Learning Engineering Summit at DevLearn

ICICLE is hosting the Learning Engineering Summit at the eLearning Guild’s DevLearn Conference & Expo to introduce the emerging field of learning engineering. Hosts include Ellen Wagner, Avron Barr, Robby Robson, and Megan Bowe, along with The eLearning Guild’s research director, Jane Bozarth.

The Learning Engineering Summit provides an overview to learning engineering, what is happening in ICICLE, what’s driving it and what are the challenges and opportunities.

Avron Barr and Robby Robson discuss What is Learning Engineering at a concurrent session at the conference.

Check out the presentations from the conference.

Learning Engineering and the Future of eLearning

Learning Engineering and the Future of eLearning by Ellen Wagner and Olivia Blockmon discuss how learning engineering can support instructional designers to innovate and implement interactive, interconnected digital teaching and learning systems.

…learning engineering hopes to bring the power and discipline of engineering to bear in the development of better tools for learning and for learners. In contrast to current practice, where development of learning technology is often ad hoc, learning engineering has the potential to help enterprises, agencies, and institutions take more direct control of the development and deployment of instructional technology.

Read more in Learning Solutions.

7 Things to Know about Learning Engineering

EDUCAUSE Learning Initiative (ELI)'s wrote a brief in their 7 Things You Should Know About... series on 7 Things You Should Know About Learning Engineering with contributions by Ellen Wagner, Avron Barr, Shelly Blake-Plock, and Robby Robson.

Sitting at the confluence of learning science, learning technology, and instructional design, learning engineering can be framed as the application of engineering design methodologies in developing learning technologies and infrastructures. Learning engineers have the skills needed to integrate engineering and systems thinking with learning science in support of better learning technologies and, ultimately, improved learning outcomes. Learning engineers provide architectures and techniques that can help us develop new and better tools to apply what we are learning about learning, cognition, and human development.

Read the 7 Things on Learning Engineering on what it is, where it is going, and why it matters to teaching and learning in ELI.

iFest & ICICLE Community Meeting: August 27, 2018


On August 27th, we had our first face to face Community Meeting in the morning and two events in the afternoon at iFest, including a keynote presentation by our Advisory Board member, Bror Saxberg, and a moderated panel discussion.  

Community Meeting

Our community meeting consisted of reports from several SIGs, including AI and Adaptive Technology, Data Governance and Privacy and Learning Engineering as a Profession as well as Conference and Membership Committee updates. Lively discussions centered around topics such as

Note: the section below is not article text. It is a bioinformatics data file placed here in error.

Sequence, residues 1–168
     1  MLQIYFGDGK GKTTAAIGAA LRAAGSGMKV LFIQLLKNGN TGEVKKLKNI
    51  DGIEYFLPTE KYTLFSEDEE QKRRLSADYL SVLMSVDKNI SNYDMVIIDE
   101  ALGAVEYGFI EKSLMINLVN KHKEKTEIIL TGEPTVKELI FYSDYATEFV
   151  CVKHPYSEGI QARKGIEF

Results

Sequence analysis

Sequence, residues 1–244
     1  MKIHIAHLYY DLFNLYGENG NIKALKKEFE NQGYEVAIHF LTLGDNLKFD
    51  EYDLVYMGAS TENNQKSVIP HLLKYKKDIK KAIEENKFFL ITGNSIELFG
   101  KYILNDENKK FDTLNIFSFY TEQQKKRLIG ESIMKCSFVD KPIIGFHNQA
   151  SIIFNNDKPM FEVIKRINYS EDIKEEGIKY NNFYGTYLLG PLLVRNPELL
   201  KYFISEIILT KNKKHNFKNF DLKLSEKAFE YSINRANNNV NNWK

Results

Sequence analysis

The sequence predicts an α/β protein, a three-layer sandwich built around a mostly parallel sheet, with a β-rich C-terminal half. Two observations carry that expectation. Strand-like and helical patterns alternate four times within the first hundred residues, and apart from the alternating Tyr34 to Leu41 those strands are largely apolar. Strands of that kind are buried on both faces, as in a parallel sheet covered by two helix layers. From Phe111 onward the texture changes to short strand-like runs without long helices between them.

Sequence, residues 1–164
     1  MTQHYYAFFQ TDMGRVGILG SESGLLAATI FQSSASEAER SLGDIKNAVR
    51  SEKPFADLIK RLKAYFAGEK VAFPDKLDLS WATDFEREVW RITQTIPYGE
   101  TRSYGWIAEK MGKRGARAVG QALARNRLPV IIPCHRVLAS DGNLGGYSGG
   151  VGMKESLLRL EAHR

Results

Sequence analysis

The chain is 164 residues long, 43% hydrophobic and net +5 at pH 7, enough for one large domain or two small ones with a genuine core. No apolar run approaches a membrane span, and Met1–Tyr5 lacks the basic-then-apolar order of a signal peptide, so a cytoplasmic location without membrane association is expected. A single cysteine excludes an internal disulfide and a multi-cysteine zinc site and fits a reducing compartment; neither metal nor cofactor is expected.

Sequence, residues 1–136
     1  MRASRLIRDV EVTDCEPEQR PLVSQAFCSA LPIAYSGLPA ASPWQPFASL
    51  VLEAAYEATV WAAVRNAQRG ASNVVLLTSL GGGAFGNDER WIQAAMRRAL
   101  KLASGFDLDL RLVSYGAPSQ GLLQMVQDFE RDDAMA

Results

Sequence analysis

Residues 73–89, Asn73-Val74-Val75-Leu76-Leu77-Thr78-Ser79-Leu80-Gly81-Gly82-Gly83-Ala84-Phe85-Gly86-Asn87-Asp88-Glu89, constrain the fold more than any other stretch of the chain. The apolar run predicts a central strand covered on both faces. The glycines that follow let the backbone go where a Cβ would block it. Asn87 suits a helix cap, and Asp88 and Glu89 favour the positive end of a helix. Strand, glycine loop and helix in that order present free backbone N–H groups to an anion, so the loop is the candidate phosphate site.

• "Same Language but Different Interpretations"  

  • Managing Data, Privacy, Security, and Ethics 

  • "Fake" Learning.  

Read detailed minutes here.

iFest

At iFest, Bror's presentation, Learning Engineering: The Art of Applying Learning Science at Scale, starting with how learning actually works and progressed through to using technology to implement and enhance good solutions. At its core the message was about the Learning Engineer taking on scale and applying evidence to make progress. 

The keynote was followed by a panel discussion, moderated by Avron Barr, with Bror, Advisory Board member Paul Jesukiewicz, and SIG chairs Michelle Derbenwick Barrett and T.J. Seabrooks. 

In the moderated session, audience raised a variety of questions including:

  • "Is there a roadmap that identifies where we are going with new learning strategies and technologies and if so how big are the gaps?"

  • "How do we break the data ownership silos to provide visibility to learners and learning providers?"

  • "How close are we to an agreed-upon definition of Learning Engineering?" 

Both the keynote and discussion were extremely well-received and created a buzz. We are thrilled to have the opportunity to be a part of iFest.

All Rise the Learning Engineer podcast

At the London Festival of Learning, Avron Barr, IEEE Learning Technology Standards Committee Sponsorship Chair, and Robby Robson, ICICLE Conference Committee Co-Chair, spoke with Sophie Bailey, founder and presenter of EdTech Podcast, about how ICICLE is supporting the development of the profession of learning engineering.

"When you drive over a bridge you like to know that it was built by a civil engineer who understands how bridges work. When you engage in learning technology, wouldn't be nice to know that it was built by a learning engineer who knows how learning works?" - Robby Robson